Republican gubernatorial candidate Jim Keet said Tuesday that an Arkansas law requiring small school districts to consolidate should probably be changed, a move that Democratic Gov. Mike Beebe said would invite new lawsuits.

Republican gubernatorial candidate Jim Keet said Tuesday that an Arkansas law requiring small school districts to consolidate should probably be changed, a move that Democratic Gov. Mike Beebe said would invite new lawsuits.

Keet joined families and supporters of the Weiner School District at a news conference as they called on Beebe to halt its consolidation with a neighboring district in northeast Arkansas. The 313-student district fell below the state minimum of 350 students and will be merged with the Harrisburg School District on July 1.

Keet didn't offer many specific suggestions for changing the law passed in 2004 as part of the state's response to a school funding lawsuit that ended in 2009. But he told reporters the 350 minimum should "probably" be repealed.

"I would rather have a school district that has 342 students and is doing an excellent job than one that has 400 students in it that is doing a poor job of educating our children," Keet said. "I think it's all based on performance."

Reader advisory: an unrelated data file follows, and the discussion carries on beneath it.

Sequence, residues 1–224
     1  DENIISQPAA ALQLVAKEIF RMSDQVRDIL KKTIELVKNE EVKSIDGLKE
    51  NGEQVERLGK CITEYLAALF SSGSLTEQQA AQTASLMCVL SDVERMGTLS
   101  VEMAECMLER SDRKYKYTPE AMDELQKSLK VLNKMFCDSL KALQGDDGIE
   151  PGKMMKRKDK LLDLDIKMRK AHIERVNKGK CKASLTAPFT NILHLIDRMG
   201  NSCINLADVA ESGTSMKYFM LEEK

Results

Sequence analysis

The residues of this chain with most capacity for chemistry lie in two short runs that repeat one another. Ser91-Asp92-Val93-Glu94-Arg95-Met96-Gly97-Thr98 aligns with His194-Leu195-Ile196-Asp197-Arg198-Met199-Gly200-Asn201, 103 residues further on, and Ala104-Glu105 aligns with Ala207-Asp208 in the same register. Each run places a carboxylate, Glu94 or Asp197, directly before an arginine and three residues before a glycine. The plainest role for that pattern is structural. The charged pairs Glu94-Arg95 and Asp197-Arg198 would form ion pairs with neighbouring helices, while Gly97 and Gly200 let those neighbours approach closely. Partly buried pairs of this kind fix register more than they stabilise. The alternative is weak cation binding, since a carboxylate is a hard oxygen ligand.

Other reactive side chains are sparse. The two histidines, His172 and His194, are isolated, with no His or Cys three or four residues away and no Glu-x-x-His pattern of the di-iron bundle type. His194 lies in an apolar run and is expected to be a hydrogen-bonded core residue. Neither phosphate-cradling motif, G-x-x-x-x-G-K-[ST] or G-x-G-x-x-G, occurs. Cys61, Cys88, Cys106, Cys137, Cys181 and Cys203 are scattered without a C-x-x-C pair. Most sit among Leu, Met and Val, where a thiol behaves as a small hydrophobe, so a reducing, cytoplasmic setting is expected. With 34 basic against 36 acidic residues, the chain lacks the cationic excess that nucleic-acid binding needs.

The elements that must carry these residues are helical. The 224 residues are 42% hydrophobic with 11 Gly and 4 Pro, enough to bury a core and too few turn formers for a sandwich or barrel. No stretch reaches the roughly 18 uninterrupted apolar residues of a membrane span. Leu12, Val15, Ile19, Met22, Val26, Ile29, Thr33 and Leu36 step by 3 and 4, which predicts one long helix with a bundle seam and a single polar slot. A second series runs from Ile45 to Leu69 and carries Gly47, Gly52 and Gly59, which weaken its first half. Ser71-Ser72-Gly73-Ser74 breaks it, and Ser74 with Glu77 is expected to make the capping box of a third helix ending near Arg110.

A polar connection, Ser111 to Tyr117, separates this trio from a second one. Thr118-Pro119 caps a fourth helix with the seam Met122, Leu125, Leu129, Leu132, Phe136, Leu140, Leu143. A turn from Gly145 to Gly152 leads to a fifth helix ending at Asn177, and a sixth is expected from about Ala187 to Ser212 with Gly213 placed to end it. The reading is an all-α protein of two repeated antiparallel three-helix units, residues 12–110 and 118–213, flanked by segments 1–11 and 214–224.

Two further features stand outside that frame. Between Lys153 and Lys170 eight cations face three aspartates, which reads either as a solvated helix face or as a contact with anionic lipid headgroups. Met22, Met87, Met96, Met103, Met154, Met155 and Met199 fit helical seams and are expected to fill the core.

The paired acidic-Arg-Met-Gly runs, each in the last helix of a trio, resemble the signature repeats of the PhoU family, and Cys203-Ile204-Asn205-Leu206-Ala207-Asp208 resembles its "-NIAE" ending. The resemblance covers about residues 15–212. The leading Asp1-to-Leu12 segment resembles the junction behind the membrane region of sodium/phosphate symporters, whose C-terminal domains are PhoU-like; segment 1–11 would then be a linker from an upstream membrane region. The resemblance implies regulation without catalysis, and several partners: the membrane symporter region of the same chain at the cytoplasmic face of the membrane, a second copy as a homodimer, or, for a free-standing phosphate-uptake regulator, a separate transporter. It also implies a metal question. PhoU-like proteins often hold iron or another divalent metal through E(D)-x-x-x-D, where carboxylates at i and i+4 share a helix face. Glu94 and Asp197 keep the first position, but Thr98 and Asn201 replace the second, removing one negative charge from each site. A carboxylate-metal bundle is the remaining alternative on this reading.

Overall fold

Arkansas law also allows the state Board of Education to consolidate school districts that aren't meeting certain fiscal or academic standards.

Beebe later told reporters at the state Capitol that repealing the 350-student minimum would invite a lawsuit by districts that have already been annexed because of the law.

"It would be a lawsuit in a hurry," Beebe told reporters at the state Capitol. "All of those schools that have already complied with the 350 number ... Do I think they'd be back in a hurry in front of the Supreme Court? You bet."

Weiner School District supporters did not say how they hoped Beebe would stop its annexation. There will still be an elementary and high school campus in Weiner after the merger. The two districts are both in Poinsett County and are about 16 miles apart.

"There's no steps I can take unless I want to violate the law," Beebe said.

A state lawmaker at Tuesday's news conference also said he'll try again with a proposal to change the way enrollment is calculated. Under current law, a district can be consolidated if its enrollment falls below 350 students two years in a row, but a district's fourth-quarter numbers aren't counted. Rep. Buddy Lovell, D-Marked Tree, said if he's re-elected this fall he'll again propose a measure to count all four quarters — potentially giving at-risk schools more time to boost their enrollment.

Lovell's proposal was approved by the House last year but failed before a Senate committee.